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10 of 10 people found the following review helpful
4.0 out of 5 stars Engaging Bio-Fiction
I was put off buying this book for years due to its dreadful title; I finally got it secondhand from Amazon after re-reading 'Wuthering Heights' and 'Jane Eyre' with enormous pleasure and wanting to find out more about the Brontes. It's basically fictionalized biography - an account of the lives of the four Bronte siblings who survived childhood (the two oldest girls,...
Published 20 months ago by Kate Hopkins

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2 of 2 people found the following review helpful
3.0 out of 5 stars Dark Quartet
I first read this fictionalised account of the Brontes' lives many years ago and I remembered absolutely loving it. So, when I saw it for 99p on kindle I jumped at the chance of reading it again. This time round I was a little disappointed. Perhaps my tastes have changed but I found the narrative quite stilted, the dialogue stodgy and worst of all, the characters had...
Published 5 months ago by Moonlit


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10 of 10 people found the following review helpful
4.0 out of 5 stars Engaging Bio-Fiction, 6 Nov. 2013
By 
Kate Hopkins (London) - See all my reviews
(TOP 1000 REVIEWER)   
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This review is from: Dark Quartet: The Story of the Brontes (Paperback)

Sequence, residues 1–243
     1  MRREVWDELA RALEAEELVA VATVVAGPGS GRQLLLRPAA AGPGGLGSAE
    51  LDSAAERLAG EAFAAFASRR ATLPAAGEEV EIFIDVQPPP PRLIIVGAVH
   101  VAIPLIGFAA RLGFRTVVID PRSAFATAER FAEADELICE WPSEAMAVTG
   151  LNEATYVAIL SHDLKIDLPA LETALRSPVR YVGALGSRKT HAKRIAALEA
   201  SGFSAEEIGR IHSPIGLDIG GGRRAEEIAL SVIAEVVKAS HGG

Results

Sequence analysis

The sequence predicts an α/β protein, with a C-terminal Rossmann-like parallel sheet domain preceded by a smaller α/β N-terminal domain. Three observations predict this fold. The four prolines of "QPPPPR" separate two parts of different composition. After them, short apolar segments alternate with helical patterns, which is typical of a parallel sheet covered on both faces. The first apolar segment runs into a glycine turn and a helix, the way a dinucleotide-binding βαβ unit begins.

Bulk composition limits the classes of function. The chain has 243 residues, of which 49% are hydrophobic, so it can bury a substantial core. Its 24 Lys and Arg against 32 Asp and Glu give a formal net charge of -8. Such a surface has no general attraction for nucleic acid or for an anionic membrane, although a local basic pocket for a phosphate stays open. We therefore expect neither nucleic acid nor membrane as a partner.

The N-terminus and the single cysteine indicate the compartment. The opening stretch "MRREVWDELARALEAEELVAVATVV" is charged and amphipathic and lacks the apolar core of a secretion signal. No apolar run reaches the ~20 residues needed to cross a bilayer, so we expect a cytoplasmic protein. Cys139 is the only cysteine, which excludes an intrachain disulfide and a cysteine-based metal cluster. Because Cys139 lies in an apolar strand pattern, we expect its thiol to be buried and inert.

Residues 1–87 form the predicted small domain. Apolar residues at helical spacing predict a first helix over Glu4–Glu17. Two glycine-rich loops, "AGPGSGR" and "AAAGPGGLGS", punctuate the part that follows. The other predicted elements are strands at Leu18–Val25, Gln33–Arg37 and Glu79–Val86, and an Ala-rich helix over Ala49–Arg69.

I was put off buying this book for years due to its dreadful title; I finally got it secondhand from Amazon after re-reading 'Wuthering Heights' and 'Jane Eyre' with enormous pleasure and wanting to find out more about the Brontes. It's basically fictionalized biography - an account of the lives of the four Bronte siblings who survived childhood (the two oldest girls, Maria and Elizabeth, died of tuberculosis while still very young), from the death of their mother Maria to the deaths of Branwell (through drink and various illnesses) and Emily and Anne (tuberculosis). The story is told from all four Brontes' points of view, and at times from their father's, though Charlotte and Branwell have more space devoted to them than Emily and Anne. As 'bio-fiction' the novel works very well. Reid Banks has researched the lives of the Brontes impressively, manages to write dialogue that sounds convincingly period without sounding stilted, and on the whole provides vivid depictions of the four very different siblings. She's particularly good on the Brontes' childhoods: Maria, Elizabeth, Charlotte and Emily's awful experiences at Cowan Bridge School (the inspiration for Lowood in 'Jane Eyre'), the trauma of Maria and Elizabeth's deaths, the Brontes' love of nature and their wonderful games of make-believe, which grew from lively games with a box of toy soldiers and a model farm to the creation of a whole fantastic city, and later, the creation of two countries - Angria (created by Charlotte and Branwell) and the bleaker Gondal (created by Emily, with the help of Anne). The childhood scenes are wonderfully evocative. Banks runs into a bit of difficulty when the Brontes emerge from adolescence to adulthood, particularly in coping with their romantic difficulties. I wasn't entirely convinced by her vague hints that Emily had a lesbian passion for one of her employers, and Constantin Heger isn't described in enough depth and vividness for us to really understand why Charlotte fell so passionately for him. It's a shame a couple of bits of interesting Bronte trivia (such as Emily's great skill as a musician) got left out, and in some of the more intense scenes Banks had a tendency to 'purple passages' of description, including phrases such as 'she hid her overflowing eyes in her hands'. I also felt that Branwell and his debauchery got rather too much space, particularly the hints about paedophilia - I for one would have liked to know more about Emily instead (but then, as Emily was so reclusive little is known about her, so Banks would have had quite a hard job here). My other problem in the later stages of the book was that Banks didn't really bring the Yorkshire area alive in much detail. She did of course mention the moors around Haworth, but we never got much of an idea what they looked like, and she fails to mention all the neighbouring properties that provided an influence for the creation of Wuthering Heights, Thornfield Hall, Wildfell Hall etc in the sisters' novels. Nevertheless, there's still a lot to enjoy in the later stages of the book - particularly Charlotte's friendships with Ellen Nussey and Mary Taylor, Emily's love of domestica, Anne's quiet love for her father's curate Willie Weightman and the sisters' launching themselves onto the literary scene as successful novelists. Although Banks slightly fudges the scenes dealing with Emily's decline and death (Emily didn't suddenly become ill after Branwell's funeral - she had already been suffering for some time from TB, and her brother's death was simply the final blow that led her illness to gallop to its tragic conclusion; and Banks makes Emily in her final days seem sullen rather than brave as her sister described her) the ending is very moving - and I'm looking forward to reading the sequel, about Charlotte's final years and marriage.